Friday, July 15, 2016

Black Bean Burgers

Hamburgers are one of my favorite foods. Melt some cheese over it and I'd fall in love with you. (No, my wife didn't do that when we were courting. More's the pity.) But when two of your kids are vegetarians, more or less, you need to think about expanding the range of ingredients beyond just good ground beef. In fact, you've got to find some way to keep that rich meaty, charred, flavor without using meat.

There are plenty of high-sodium, low-flavor, variants available at the grocery store these days. I'm not a huge fan of processed cardboard, but if that's your thing, go right a head and spend more money on them that you would on ground beef. Which is saying something, these days. I've found several recipes for veggie burgers online, and black beans seem to stand out as a favored ingredient for many of them. Oh, there are others, for sure, but black bean burgers seemed like an interesting choice. That and the ingredients are all pretty common to my pantry.

This recipe is my take on a black bean burger recipe from America's Test Kitchen. I modified a few of the ingredients, and their ratios, to better fit my pantry, and my taste. I use rolled oats in this recipe because they're easy, and I like the added flavor. Bread crumbs, or any type, will do just fine, though. Cilantro can be substituted for the parsley, if desired.

Takes 35 minutes to make.
Makes 6 servings.

2 (15-oz) cans black beans, rinsed and drained well
2 large eggs
1 Tbl olive oil
1 tsp ground cumin
¼ tsp salt
½ tsp cayenne pepper (optional)
1 cup rolled oats
1 red or green bell pepper, cored, seeded, and finely chopped
1 green onion, finely chopped
1 Tbl dried parsley, or ¼ cup minced parsley
4 Tbl vegetable (or canola) oil for frying
6 hamburger buns
Favorite hamburger toppings

Place 2 ½ cups of beans in a large bowl, setting aside the rest for later. Mash them with a potato masher until mostly smooth. In a separate bowl, whisk together the eggs, olive oil, cumin, salt, and cayenne, if using. Add the egg mixture, the remaining beans, oats, bell pepper, parsley, and green onion to the mashed beans and stir until just combined. Let stand for 5 minutes so the oats can absorb some of the liquid.

Divide the mixture into 6 equal portions. Pack, lightly, into 1-inch-thick patties. These patties can be delicate, so take care when handling them.

Heat 2 Tbl oil in a 12-inch non-stick skillet over medium heat until shimmering. Working with three patties at a time, carefully lay them into the skillet and cook until well browned on both sides, about 5 minutes per side.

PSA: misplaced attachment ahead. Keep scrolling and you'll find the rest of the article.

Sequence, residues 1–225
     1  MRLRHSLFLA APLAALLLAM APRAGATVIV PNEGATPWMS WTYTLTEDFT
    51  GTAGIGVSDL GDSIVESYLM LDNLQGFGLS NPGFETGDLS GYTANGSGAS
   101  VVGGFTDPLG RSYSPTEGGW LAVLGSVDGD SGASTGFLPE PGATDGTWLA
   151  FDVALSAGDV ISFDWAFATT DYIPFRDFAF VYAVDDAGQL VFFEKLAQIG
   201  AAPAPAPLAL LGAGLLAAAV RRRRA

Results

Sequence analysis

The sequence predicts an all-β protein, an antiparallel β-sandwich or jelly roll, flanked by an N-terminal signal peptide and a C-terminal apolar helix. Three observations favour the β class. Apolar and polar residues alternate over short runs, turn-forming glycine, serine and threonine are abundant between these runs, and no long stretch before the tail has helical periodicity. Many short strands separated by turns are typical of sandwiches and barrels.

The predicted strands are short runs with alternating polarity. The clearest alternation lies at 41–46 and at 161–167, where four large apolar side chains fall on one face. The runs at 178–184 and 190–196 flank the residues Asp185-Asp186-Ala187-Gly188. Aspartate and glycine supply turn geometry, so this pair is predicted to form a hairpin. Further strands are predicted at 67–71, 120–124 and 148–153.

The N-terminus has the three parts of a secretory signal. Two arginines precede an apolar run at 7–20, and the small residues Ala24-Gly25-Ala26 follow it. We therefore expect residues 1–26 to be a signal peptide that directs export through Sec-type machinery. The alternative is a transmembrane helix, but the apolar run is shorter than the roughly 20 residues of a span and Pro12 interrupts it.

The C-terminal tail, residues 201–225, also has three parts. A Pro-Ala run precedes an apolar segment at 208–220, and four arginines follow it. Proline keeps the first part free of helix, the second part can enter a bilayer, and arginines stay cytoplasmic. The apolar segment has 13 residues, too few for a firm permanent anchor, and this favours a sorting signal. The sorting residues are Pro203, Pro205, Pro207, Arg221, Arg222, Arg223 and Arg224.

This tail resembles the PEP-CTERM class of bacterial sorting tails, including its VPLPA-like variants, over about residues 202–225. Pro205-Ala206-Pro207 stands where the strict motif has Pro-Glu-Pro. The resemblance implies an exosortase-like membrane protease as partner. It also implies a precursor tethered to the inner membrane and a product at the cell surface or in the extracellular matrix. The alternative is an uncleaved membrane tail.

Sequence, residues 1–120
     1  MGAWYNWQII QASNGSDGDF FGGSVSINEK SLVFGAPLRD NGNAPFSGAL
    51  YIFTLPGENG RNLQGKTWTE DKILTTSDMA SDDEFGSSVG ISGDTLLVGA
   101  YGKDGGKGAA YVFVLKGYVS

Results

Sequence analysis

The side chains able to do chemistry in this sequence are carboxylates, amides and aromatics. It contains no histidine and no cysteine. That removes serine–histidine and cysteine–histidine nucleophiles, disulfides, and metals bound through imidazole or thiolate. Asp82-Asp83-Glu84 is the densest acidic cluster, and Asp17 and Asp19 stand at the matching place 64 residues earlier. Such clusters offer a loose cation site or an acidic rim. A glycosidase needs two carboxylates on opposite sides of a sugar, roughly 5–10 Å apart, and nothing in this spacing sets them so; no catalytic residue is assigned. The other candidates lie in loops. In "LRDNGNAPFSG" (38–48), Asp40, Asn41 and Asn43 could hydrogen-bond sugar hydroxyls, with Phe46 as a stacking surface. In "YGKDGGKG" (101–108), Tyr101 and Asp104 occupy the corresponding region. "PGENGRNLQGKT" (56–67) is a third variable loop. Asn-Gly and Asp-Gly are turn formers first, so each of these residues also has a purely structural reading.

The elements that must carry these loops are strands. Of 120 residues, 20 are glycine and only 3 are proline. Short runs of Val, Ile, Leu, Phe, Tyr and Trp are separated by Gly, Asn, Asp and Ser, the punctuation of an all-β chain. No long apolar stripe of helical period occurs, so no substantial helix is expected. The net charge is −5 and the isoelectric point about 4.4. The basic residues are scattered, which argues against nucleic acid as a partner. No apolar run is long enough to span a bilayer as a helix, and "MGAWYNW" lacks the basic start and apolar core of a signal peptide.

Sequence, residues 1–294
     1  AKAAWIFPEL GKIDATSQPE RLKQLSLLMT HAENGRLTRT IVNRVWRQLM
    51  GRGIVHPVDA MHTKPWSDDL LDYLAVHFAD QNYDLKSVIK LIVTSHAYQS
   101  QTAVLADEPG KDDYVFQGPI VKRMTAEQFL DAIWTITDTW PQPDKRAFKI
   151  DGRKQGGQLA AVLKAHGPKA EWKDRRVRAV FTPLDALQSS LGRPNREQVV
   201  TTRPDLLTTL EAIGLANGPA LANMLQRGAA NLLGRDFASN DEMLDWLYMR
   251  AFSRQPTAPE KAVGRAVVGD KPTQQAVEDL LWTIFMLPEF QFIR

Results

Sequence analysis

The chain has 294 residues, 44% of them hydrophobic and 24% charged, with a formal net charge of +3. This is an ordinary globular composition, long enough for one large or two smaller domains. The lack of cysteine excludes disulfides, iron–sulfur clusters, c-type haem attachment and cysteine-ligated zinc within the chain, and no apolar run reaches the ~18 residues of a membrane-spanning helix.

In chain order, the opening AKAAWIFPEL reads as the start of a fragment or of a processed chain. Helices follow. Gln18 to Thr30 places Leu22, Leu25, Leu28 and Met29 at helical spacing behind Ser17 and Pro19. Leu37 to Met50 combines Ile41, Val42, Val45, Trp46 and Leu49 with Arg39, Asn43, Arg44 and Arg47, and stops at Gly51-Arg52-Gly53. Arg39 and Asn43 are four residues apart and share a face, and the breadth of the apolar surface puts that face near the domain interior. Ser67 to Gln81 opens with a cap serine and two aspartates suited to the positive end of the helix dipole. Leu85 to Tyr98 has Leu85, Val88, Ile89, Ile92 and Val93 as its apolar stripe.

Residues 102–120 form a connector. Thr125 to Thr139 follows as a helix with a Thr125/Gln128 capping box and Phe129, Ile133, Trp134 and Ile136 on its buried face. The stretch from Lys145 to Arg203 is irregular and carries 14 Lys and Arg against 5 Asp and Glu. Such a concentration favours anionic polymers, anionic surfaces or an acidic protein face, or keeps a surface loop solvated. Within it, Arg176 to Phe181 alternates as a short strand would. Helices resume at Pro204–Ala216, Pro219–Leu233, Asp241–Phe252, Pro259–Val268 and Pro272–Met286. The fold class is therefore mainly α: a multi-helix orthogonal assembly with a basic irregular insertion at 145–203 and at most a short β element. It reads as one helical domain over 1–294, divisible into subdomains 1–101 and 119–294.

If you want to turn these into cheeseburgers, which I often do, drop a slice of cheese on top during the last 2 to 3 minutes of cooking.

Transfer cooked burgers to a plate and tent loosely with aluminum foil, repeat with the remaining three patties. Serve on hamburger buns with your favorite burger toppings.

Black Bean Burgers with Corn and Chipotle Chile varation:
To change things up a little, substitute 1 Tbl minced chipotle chiles (canned in adobe sauce) for the cayenne, reduce the red pepper to ¼ cup, and add ¼ cup of fresh or frozen corn, thawed and patted dry, to the bean mixture. I've tried it both ways and like them both, equally.

Thursday, July 7, 2016

American-Style Broccoli Calzone

A great calzone, with a satisfyingly crisp and chewy crust, with plenty of flavorful fillings, is a treat worth the quest. The trouble is, most calzones I've found turn out with a soggy filling and have a crust more akin to bad bread than pizza dough. Not so with this recipe. Even better, this one gets you eating your vegetables in a way that is so tasty you won't mind. The cheese inside doesn't hurt, either.

This recipe does require some work and time, but not as much as you might think. While I braise fresh broccoli, you could substitute frozen, if you want to skip cooking the broccoli. It won't be as flavorful, but it might say you a little time and effort. Just make sure to thaw, drain and chop it, first. In this case, add the garlic, oregano and red pepper flakes along with the cheese.

My wife and kids like cheddar cheese, and so that's what I used, making this very American. For a more authentic Italian-style, use 1 1/2 cups of mozzarella and a 1/2 cup of feta, instead, replacing the cottage cheese with ricotta cheese.

The cooked broccoli makes a great side dish unto itself, if you're so inclined.

Equipment needed
Chef's knife
kitchen shears (optional)
measuring cups and spoons
mixing bowl
parchment paper
baking sheet

2 Tbl light cooking oil (vegetable or canola)
1 head of broccoli, trimmed and cut into 1-inch florets (about 1 pound)
3 Tbl water
4 cloves garlic, minced
1/2 tsp dried oregano
1/8 tsp red pepper flakes
Salt and pepper as needed
1 cup cottage cheese
2 1/2 cups cheddar cheese, shredded
1 large whole egg, plus 1 egg yolk, lightly beaten with 2 Tbl water
1 pound pizza dough
Cooking spray